Increase Engagement of Your Patient’s Hypertension through SMBP
In partnership with a grant through the CDC and the Wisconsin Department of Health Services, Division of Public Health, WNA would like to encourage all nurses practicing in health systems primary care clinics to develop and launch a Self-Measure Blood Pressure (SMBP) program for your patients with hypertension.
SMBP monitoring interventions support and promote the use of personal blood pressure measurement devices in the management and treatment of high blood pressure. Nurses as program staff train patients to use validated, and usually automated, blood pressure measurement devices on a regular basis in familiar settings, usually their homes. Patients share blood pressure readings with their healthcare providers during clinic visits, by telephone, or electronically. These measurements are monitored and used in treatment decisions to improve blood pressure control. SMBP has demonstrated that patient engagement in taking, monitoring, and reporting their blood pressure measurement supports improved outcomes.
Here are some resources that you can use to support patient SMBP.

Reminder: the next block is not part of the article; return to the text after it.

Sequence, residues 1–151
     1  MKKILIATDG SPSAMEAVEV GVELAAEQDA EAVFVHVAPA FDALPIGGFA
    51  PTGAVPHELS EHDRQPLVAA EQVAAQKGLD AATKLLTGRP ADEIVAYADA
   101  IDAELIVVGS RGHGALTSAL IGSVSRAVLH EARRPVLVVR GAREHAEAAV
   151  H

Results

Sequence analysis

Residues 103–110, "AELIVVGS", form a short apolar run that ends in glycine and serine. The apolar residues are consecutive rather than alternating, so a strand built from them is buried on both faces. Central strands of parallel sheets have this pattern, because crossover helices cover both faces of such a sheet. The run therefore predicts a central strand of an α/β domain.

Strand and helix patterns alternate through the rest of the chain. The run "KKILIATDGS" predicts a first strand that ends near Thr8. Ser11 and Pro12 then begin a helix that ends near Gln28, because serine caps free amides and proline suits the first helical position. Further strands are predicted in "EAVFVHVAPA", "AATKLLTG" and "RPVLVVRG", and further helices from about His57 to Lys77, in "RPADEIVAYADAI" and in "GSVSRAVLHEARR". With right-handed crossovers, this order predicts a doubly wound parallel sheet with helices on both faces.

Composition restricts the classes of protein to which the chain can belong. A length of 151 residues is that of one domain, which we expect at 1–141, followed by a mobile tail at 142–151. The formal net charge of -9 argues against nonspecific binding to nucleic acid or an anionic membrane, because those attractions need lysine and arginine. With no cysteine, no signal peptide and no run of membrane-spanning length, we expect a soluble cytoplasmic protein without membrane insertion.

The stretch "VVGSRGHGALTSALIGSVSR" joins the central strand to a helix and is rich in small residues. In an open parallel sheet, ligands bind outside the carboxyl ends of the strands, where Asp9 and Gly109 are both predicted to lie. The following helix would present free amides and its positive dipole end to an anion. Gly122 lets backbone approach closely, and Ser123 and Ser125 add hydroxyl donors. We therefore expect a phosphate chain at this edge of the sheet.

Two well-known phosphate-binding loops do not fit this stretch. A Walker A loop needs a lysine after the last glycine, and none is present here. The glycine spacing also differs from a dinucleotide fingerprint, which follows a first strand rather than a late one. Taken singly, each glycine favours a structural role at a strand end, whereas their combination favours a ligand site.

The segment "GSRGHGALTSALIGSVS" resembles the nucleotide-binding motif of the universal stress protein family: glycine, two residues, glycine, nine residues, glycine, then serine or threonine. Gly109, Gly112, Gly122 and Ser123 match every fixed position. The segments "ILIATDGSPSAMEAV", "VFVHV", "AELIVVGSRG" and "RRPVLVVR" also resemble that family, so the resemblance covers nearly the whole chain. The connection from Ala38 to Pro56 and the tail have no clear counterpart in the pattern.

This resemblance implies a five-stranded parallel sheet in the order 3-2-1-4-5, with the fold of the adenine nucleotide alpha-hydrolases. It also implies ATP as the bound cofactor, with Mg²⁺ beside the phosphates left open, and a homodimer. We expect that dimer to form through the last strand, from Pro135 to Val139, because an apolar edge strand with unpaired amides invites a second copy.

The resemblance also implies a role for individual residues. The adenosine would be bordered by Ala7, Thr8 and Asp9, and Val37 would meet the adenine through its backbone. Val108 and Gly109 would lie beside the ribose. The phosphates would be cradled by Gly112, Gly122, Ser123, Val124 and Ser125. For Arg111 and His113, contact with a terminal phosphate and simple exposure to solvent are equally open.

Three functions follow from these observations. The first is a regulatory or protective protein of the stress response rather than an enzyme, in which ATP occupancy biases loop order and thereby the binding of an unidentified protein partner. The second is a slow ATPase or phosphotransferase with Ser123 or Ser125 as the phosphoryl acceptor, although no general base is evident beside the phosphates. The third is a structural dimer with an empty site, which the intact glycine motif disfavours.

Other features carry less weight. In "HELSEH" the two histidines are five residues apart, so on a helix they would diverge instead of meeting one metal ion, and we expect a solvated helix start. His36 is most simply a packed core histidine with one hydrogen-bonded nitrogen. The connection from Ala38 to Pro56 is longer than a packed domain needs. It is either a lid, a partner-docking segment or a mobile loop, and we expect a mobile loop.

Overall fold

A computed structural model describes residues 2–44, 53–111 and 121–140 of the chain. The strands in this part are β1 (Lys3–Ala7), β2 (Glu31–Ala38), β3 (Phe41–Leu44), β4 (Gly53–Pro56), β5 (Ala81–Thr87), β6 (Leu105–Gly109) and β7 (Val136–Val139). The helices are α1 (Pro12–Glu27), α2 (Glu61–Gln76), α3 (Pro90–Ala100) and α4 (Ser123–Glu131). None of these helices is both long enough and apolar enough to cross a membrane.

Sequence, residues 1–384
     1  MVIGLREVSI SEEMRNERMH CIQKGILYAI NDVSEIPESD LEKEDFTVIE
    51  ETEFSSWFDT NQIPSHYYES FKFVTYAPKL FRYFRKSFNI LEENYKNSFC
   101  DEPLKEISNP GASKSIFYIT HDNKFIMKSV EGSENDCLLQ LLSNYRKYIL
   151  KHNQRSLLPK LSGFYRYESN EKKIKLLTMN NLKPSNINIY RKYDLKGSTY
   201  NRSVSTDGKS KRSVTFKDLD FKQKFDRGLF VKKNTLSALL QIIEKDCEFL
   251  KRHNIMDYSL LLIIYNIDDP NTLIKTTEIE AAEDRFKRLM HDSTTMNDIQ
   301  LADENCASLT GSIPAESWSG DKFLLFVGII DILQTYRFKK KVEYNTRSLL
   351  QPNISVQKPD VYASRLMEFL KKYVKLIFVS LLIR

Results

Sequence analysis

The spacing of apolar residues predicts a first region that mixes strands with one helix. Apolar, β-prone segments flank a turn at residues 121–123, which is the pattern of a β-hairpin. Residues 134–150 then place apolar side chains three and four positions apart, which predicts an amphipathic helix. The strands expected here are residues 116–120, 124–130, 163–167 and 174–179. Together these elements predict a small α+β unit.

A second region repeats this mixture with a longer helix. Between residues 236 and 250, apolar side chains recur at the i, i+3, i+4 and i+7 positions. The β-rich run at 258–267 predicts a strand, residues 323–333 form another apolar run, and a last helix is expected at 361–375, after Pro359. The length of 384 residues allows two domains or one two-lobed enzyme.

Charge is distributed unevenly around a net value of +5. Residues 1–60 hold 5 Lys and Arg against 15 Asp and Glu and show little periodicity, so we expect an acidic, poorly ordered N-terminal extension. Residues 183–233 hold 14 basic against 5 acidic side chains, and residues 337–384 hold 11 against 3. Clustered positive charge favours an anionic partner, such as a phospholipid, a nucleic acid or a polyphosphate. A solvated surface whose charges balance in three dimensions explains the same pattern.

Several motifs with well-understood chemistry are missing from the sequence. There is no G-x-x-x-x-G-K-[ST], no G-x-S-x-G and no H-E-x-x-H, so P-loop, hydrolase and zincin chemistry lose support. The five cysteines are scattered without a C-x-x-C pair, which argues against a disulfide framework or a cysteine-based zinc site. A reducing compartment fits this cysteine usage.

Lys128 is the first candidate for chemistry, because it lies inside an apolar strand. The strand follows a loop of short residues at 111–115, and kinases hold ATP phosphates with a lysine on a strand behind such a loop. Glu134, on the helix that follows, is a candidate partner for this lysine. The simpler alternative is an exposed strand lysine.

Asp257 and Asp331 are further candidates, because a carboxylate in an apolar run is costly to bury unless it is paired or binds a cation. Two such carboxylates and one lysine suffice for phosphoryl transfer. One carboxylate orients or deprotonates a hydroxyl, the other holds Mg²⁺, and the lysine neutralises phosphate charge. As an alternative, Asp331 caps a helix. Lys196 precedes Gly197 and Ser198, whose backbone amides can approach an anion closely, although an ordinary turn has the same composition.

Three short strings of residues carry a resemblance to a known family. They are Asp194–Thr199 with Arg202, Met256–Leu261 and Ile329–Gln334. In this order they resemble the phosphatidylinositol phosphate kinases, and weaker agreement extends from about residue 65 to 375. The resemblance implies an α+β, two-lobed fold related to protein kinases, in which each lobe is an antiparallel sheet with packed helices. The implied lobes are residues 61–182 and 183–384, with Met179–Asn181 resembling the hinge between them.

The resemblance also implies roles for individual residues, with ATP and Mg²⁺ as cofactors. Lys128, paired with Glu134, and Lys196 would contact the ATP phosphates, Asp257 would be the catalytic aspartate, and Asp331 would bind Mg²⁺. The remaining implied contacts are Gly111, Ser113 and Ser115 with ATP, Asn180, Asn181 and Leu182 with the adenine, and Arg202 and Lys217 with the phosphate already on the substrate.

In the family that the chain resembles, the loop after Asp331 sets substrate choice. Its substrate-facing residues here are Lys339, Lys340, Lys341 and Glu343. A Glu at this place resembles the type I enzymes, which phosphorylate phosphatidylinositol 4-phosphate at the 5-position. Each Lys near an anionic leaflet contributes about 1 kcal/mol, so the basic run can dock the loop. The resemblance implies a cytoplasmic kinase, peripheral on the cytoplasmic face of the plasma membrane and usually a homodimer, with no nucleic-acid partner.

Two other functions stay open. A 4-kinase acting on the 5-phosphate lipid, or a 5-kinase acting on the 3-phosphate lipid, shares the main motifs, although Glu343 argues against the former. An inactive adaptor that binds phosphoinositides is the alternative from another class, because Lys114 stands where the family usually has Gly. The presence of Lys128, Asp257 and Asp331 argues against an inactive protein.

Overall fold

Cardiovascular Disease: Self-Measured Blood Pressure Monitoring
The Community Preventive Services Task Force (CPSTF) recommends self-measured blood pressure (SMBP) monitoring interventions when used alone and when combined with additional support to improve blood pressure outcomes in patients with high blood pressure.
Developing a Self-Measured Blood Pressure (SMBP) Resource Guide for Primary Care
This document is a compilation of the elements needed for developing a SMBP program.
Guidelines for Selecting a Validated Automated Blood Pressure Device & Cuff
Uncontrolled high blood pressure (“BP”) is the leading risk factor for death and disability. The accurate measurement of BP is essential for the diagnosis and management of hypertension. One important aspect of accurate measurement is whether the BP measurement device has been validated for clinical accuracy. An independent review process resulted in a formal list of BP devices that have been validated for clinical accuracy (the “US Blood Pressure Validated Device Listing” or “VDL”).
There are important steps patients need to take to accurately measure their blood pressure. It is helpful to communicate these steps face-to-face so you can demonstrate how to use the blood pressure device, how to accurately measure blood pressure (PDF) and how to use the blood pressure recording log (PDF). This information is from Target:BP Here is their Patient Training Checklist